Article 226 of Indian Constitution

Article 226 of Indian Constitution Power of High Courts to issue certain writs.

Article 226 of The Indian Constitution
Article 226 of The Indian Constitution

Article 226 Power of High Courts to issue certain writs – Constitution Of India.

(1) Notwithstanding anything in article 32 3 *** every High Court shall have power, throughout the territories in relation to which it exercises jurisdiction, to issue to any person or authority, including in appropriate cases, any Government, within those territories directions, orders or writs, including 1 [writs in the nature of habeas corpus, mandamus, prohibition, quo warranto and certiorari, or any of them, for the enforcement of any of the rights conferred by Part III and for any other purpose.

(2) The power conferred by clause (1) to issue directions, orders or writs to any Government, authority or person may also be exercised by any High Court exercising jurisdiction in relation to the territories within which the cause of action, wholly or in part, arises for the exercise of such power, notwithstanding that the seat of such Government or authority or the residence of such person is not within those territories.

(3) Where any party against whom an interim order, whether by way of injunction or stay or in any other manner, is made on, or in any proceedings relating to, a petition under clause (1), without— (a) furnishing to such party copies of such petition and all documents in support of the plea for such interim order; and (b) giving such party an opportunity of being heard, makes an application to the High Court for the vacation of such order and furnishes a copy of such application to the party in whose favour such order has been made or the counsel of such party, the High Court shall dispose of the application within a period of two weeks from the date on which it is received or from the date on which the copy of such application is so furnished, whichever is later, or where the High Court is closed on the last day of that period, before the expiry of the next day afterwards on which the High Court is open; and if the application is not so disposed of, the interim order shall, on the expiry of that period, or, as the case may be, the expiry of the said next day, stand vacated.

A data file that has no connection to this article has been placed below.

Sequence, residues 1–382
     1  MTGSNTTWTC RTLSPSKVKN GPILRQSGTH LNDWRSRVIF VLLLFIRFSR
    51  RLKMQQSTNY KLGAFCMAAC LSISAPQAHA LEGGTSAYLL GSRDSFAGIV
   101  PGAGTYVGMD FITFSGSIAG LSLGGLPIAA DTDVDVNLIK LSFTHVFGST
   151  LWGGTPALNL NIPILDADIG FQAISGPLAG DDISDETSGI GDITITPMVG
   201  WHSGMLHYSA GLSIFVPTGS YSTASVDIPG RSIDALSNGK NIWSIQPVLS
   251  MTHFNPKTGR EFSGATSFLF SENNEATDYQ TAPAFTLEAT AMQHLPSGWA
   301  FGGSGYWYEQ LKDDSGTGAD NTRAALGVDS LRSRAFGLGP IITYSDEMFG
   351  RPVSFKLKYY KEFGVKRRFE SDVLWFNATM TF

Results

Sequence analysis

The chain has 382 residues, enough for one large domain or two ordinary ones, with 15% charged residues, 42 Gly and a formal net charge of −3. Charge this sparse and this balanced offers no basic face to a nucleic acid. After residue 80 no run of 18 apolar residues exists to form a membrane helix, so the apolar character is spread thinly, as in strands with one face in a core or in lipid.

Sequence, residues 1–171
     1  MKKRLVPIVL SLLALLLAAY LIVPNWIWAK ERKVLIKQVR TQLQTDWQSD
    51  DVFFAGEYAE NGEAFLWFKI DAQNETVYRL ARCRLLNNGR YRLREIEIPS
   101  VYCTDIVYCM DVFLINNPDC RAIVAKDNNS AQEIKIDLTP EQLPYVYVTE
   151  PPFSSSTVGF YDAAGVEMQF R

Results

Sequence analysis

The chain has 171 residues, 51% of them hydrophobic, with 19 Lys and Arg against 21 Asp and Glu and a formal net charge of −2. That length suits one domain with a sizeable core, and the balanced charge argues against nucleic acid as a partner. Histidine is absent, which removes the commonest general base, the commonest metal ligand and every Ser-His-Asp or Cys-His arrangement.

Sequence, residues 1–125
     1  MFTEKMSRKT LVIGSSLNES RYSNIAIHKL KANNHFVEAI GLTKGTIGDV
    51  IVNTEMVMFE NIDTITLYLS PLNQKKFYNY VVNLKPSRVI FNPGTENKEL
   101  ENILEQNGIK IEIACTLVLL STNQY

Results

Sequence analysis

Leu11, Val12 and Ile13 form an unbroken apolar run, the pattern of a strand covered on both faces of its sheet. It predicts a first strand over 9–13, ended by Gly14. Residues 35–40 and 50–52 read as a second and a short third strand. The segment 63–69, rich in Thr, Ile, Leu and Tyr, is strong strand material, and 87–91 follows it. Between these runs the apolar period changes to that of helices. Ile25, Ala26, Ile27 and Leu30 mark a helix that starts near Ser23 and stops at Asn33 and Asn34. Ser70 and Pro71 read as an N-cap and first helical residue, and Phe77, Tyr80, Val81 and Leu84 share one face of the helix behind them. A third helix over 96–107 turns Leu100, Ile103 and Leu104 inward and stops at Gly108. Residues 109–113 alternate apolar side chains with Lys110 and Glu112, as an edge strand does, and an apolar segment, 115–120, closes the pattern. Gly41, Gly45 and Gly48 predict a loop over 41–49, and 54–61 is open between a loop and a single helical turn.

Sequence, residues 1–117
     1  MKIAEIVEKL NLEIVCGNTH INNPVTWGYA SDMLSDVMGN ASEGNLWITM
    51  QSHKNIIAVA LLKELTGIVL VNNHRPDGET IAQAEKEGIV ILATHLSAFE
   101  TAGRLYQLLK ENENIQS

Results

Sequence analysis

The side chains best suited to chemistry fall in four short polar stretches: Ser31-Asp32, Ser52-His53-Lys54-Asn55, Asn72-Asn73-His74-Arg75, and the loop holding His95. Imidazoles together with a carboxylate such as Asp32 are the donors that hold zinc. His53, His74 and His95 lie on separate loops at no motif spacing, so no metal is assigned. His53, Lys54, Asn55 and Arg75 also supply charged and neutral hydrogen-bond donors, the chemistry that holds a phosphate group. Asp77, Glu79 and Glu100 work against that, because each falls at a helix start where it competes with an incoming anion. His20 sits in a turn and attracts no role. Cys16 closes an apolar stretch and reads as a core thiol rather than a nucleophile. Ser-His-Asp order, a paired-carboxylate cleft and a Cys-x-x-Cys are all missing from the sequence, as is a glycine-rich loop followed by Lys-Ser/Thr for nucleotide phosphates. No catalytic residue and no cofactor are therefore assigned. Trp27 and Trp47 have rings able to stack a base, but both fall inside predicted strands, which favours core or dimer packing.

(4) The power conferred on a High Court by this article shall not be in derogation of the power conferred on the Supreme Court by clause (2) of article 32. Article 226A Constitutional validity of Central laws not to be considered in proceedings under article 226. Rep. by the Constitution (Forty-third Amendment) Act, 1977, s. 8 (w.e.f. 13-4-1978).

Summary of Article 226 of The Indian Constitution

A simplified summary of Article 226 of the Constitution of India:

(1)High Courts in India can give orders or writs to enforce rights and for other purposes.
(2)This power applies to the areas where the High Court has authority. It also applies if the issue partly happens there, even if the person involved is not in that area.
(3)If someone disagrees with a temporary order, they can challenge it. The court must hear both sides and decide within two weeks, or the order is canceled.
(4)The power of High Courts doesn’t take away from the Supreme Court’s power. Both can enforce fundamental rights.
Article 226A (Repealed)There was a rule about not questioning Central laws in some cases, but it was removed in 1977.

This simpler language summary breaks down the main points of Article 226 and briefly mentions the repealed provision, Article 226A.

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